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Electronics Absolute PCB noob looking for an education

Discussion in 'Modding' started by LePhuronn, 4 Jan 2019.

  1. LePhuronn

    LePhuronn Member

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    Hi all.

    I'm toying with the idea of making up a custom PCB to split a 5-wire SATA power input into a pair of 5-wire SATA power outputs and a trio of 2-pin 12V outputs for short runs of LED strips. It'll save a lot of space, a whole mess of wiring and look pretty damn fine to boot :grin:

    But my experience extends as far as a couple of etched copper boards at school over 20 years ago, so I'm looking for advice, guidance, points, etc. Start at the very beginning, assume I know nothing (because I don't).

    All I know right now (I think) is the following:
    • PCB will be tucked away in the 7mm or so gap I have underneath the motherboard and a hard drive mounting plate (the PCB will be attached to that plate), so there will be zero airflow.
    • Based on 1oz copper, I'm think I'll need 2mm wide traces to safely send about 2-3A through the PCB in those cramped conditions. Although I'm using a Samsung SSD and Seagate SHDD (1 amp each tops), one of the LED strips might pull a good 2 amps on its own.
    So where do we start? What do we do?

    Looking forward to hearing from you all.

    Cheers!
     
  2. Boscoe

    Boscoe Electronics extraordinaire.

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    I would download Eagle and start playing with it, follow some tutorials. Once you have an understanding of how it works you need to look for the PCB footprints of the components you want to use. If they do not exist in the provided libs, you need to make them from the datasheetsof the parts you want to use. Once you’ve finished the layout, you create the output files also called GERBERs. Now send them to a fabrication house like PCBWAY, Seeed or JLCPCB. I wouldn’t bother with OSHPARK. Get the boards shipped to you and solder them together.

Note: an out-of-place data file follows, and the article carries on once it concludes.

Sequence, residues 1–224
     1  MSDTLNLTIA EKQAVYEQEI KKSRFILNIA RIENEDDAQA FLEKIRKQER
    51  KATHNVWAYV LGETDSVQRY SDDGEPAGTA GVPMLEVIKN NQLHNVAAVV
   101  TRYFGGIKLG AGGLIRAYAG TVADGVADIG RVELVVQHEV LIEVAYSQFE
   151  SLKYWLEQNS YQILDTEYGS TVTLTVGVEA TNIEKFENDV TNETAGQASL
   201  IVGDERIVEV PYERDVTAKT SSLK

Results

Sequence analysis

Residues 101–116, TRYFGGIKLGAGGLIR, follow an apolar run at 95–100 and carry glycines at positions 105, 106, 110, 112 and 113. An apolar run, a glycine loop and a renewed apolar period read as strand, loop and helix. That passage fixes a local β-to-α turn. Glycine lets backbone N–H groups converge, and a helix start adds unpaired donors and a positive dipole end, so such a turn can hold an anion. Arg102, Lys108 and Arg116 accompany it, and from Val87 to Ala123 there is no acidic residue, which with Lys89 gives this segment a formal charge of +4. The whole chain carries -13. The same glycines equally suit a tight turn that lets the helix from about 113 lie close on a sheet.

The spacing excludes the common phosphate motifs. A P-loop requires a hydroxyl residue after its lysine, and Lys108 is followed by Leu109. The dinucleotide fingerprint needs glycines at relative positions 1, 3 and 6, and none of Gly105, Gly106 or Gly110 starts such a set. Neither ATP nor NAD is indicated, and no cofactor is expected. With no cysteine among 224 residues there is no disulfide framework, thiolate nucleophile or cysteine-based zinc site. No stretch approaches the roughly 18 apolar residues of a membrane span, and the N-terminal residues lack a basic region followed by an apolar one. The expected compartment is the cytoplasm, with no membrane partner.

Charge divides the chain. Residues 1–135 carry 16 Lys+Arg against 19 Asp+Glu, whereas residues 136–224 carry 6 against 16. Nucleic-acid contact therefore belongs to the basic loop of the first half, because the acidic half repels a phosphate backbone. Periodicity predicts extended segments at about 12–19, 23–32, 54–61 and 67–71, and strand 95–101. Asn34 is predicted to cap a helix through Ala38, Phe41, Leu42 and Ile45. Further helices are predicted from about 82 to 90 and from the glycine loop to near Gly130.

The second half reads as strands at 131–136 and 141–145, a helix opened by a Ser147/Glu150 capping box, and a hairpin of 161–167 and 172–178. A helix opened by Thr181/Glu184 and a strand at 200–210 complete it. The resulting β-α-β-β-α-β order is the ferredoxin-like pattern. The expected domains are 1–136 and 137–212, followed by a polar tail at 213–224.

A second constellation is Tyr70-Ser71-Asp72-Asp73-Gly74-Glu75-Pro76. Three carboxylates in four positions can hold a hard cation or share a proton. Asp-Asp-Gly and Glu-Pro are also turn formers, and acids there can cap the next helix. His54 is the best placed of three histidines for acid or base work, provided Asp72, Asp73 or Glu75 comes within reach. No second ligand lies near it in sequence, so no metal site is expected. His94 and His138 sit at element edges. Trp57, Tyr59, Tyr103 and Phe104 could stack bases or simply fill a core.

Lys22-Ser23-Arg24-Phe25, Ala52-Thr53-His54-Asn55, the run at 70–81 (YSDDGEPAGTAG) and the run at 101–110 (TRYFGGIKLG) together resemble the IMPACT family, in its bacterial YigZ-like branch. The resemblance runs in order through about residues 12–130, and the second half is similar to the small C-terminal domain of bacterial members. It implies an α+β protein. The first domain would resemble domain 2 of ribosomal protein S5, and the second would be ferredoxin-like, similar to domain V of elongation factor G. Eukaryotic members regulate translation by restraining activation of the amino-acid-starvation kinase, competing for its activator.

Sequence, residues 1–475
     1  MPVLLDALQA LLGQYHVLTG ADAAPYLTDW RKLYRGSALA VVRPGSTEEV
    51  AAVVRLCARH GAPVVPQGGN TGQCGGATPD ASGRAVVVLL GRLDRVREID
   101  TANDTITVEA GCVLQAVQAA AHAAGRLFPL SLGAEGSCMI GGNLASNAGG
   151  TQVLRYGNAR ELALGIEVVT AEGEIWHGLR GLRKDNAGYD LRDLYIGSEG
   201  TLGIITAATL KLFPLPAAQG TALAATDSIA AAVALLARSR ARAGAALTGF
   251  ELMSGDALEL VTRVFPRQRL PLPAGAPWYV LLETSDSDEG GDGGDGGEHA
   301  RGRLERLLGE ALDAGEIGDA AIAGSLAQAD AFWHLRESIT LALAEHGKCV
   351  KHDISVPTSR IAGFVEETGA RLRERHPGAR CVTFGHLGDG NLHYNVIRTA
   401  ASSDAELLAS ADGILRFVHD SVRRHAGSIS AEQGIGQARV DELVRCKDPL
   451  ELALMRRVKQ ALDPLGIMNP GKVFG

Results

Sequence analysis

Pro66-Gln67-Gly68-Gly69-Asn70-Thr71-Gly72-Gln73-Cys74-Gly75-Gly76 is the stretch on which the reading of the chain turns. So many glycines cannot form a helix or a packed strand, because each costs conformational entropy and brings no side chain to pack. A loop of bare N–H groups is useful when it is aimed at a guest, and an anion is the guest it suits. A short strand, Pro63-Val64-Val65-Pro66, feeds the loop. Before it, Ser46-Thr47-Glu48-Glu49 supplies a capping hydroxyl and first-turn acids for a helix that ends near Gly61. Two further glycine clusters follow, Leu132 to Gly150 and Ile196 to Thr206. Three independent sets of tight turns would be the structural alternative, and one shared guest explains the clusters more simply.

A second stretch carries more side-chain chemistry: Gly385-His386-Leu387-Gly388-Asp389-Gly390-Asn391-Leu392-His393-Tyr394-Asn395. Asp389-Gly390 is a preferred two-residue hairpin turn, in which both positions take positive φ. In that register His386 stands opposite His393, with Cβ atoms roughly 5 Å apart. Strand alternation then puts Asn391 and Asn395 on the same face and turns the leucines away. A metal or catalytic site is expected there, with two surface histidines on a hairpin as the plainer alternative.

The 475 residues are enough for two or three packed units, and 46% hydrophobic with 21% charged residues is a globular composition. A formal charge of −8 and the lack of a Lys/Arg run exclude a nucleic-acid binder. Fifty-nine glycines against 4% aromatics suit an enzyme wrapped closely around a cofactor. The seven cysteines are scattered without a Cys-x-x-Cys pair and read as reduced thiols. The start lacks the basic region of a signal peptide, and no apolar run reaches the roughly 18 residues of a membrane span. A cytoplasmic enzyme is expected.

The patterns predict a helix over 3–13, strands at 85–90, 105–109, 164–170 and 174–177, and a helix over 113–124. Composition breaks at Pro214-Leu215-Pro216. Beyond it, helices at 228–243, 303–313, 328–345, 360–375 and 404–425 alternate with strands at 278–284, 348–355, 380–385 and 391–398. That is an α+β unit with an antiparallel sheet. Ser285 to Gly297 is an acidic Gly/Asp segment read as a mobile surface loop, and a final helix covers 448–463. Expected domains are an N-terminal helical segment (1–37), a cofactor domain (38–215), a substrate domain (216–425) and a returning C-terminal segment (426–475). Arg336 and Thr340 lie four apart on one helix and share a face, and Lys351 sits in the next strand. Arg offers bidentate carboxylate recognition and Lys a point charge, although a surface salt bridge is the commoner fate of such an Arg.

I am an electronic engineer, I can do this for you, but I’ll have to charge .
     
  3. LePhuronn

    LePhuronn Member

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    Cheers Boscoe. This thing is a glorified y-splitter so there's no components, just holes to trace together (although I might look for some right-angle 2-pin Dupont connectors for a it of swish :p )

    As you're an electrical engineer, let me ask this: am I barking up the wrong tree here thinking I can just trace together some holes and solder in some 18AWG wire? Am I going to "dirty" the power in any way? I don't have the knowledge or the space to start putting in capacitors and whatnot to smooth the power out if nonsense occurs (but we're talking a couple amps tops on 12V).
     
  4. Boscoe

    Boscoe Electronics extraordinaire.

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    These are just standard 2.54mm pitch headers so it'd be very simple.

    You'll be fine having the power run across the PCB, as long as the traces are wide enough, you'd have to go pretty small to cause problems. It's surprising how much current you can get through a trace as it's often such a short distance. You don't need any capacitors.

    I would potentially just go for pads rather than holes. The wires are then running in the same direction as the PCB so sits flatter without the strain on a 90 degree bend in the wire. Something like below. You need vias (~0.5mm) in the PCB for strength, pads are easy to rip off.

    [​IMG]
     
  5. LePhuronn

    LePhuronn Member